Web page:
Indian Air Force is proposing to construct 108 new generation hardened aircraft shelters at a cost of more than Rs 5,000 crore (US$772.1 million) to protect its fleet of fighter jets.
Indian is adopting hardened blast panes as it wants to safeguard its frontline aircraft such as Su-30MKI, Jaguars, Mirages and Rafale aircraft from 2000 pound enemy bombs in case of war, Deccan Herald reported Monday.
It is estimated that each shelter would likely cost about Rs 50 crore (US$7.7 million) as they would be made up of reinforced concrete, apart from having iron doors and maintenance facilities.
Blast panes are crucial for military air field where combat aircraft are kept during the war to save the metal birds from enemy bombs and missiles.
The existing IAF shelters are capable of withstanding a blast from a 1,000-pound bomb. The new generation panes will be designed to withstand the hit by a 2,000-pound bomb, which the IAF apprehend the enemies may be possessing.
Besides, these shelters would be large enough to accommodate Su-30 MKI aircraft and also will have proper maintenance facilities. The shelters would also be fitted with iron doors to minimise the chances of fragmentation damage from a missile strike.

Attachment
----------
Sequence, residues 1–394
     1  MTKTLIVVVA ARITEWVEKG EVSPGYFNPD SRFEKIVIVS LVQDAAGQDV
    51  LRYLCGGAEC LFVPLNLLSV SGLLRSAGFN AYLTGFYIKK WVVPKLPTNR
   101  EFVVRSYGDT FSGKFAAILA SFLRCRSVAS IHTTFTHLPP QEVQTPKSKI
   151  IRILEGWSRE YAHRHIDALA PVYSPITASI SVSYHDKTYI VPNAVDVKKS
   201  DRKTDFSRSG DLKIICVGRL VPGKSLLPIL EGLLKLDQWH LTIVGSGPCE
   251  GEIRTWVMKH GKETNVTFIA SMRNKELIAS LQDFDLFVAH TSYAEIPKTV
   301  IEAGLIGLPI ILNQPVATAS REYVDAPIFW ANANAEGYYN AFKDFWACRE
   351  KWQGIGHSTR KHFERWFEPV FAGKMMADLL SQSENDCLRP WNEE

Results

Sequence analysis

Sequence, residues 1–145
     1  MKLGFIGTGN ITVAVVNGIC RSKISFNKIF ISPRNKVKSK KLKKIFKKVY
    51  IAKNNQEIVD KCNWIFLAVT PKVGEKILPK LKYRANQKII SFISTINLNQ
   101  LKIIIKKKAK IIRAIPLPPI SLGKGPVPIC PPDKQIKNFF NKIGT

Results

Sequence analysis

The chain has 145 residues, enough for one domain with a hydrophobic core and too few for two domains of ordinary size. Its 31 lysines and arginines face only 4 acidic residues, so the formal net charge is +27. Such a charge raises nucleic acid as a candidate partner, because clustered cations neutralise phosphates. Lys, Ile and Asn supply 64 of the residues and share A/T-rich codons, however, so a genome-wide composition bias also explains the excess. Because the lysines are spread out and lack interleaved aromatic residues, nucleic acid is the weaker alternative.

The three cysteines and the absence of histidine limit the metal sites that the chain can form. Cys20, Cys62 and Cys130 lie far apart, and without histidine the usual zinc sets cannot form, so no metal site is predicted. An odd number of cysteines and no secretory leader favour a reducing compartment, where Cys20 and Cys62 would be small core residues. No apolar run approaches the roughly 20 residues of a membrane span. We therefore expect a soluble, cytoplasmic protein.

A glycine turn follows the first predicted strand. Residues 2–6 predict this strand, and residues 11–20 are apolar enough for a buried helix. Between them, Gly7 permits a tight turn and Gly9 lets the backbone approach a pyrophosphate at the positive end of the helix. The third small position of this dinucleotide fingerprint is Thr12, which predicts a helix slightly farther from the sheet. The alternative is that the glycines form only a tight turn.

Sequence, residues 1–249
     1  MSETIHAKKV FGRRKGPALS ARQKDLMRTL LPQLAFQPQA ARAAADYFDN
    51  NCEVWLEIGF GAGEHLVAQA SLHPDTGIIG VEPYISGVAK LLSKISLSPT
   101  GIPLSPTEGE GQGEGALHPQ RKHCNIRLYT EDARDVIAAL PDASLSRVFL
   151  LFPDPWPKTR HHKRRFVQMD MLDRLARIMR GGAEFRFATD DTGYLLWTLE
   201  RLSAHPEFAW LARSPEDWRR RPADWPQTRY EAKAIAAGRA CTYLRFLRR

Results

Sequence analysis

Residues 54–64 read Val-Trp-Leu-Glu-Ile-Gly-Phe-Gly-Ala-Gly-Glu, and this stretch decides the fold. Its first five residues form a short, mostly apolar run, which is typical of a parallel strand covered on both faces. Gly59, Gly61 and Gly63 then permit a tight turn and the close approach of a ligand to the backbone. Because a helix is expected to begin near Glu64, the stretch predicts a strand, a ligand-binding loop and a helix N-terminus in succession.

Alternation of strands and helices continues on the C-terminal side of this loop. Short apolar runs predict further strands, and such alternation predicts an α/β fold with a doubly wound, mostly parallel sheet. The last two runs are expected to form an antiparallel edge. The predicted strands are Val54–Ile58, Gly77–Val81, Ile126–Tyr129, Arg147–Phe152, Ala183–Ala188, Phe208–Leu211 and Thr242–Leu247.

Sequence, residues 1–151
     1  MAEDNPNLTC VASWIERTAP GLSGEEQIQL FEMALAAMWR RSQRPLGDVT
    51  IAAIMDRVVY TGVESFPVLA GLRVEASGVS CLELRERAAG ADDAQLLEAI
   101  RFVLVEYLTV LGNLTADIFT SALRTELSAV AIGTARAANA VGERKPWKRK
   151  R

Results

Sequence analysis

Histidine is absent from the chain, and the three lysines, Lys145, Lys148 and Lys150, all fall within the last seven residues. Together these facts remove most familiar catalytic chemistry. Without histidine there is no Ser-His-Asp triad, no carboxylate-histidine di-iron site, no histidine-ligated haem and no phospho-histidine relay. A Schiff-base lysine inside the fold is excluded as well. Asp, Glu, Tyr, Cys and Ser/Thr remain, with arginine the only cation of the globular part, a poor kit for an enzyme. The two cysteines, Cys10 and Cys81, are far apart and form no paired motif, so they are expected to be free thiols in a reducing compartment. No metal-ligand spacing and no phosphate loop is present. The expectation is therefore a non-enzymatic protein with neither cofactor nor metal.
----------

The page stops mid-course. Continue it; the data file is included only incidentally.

While the proposals are under the consideration of the defence ministry since 2015, officials said the air headquarters had made a fresh pitch for its approval given the rapidly changing security dynamics in India’s neighbourhood.
Construction of hardened blast panes is a key part of the IAF’s plan to improve the infrastructure of its air fields particularly for the bases in the North East and Leh.
Two other components of the plan are to improve the infrastructure in Nyoma and Kargil airfield so that more fighters flying is possible near India’s border with China and Pakistan, respectively.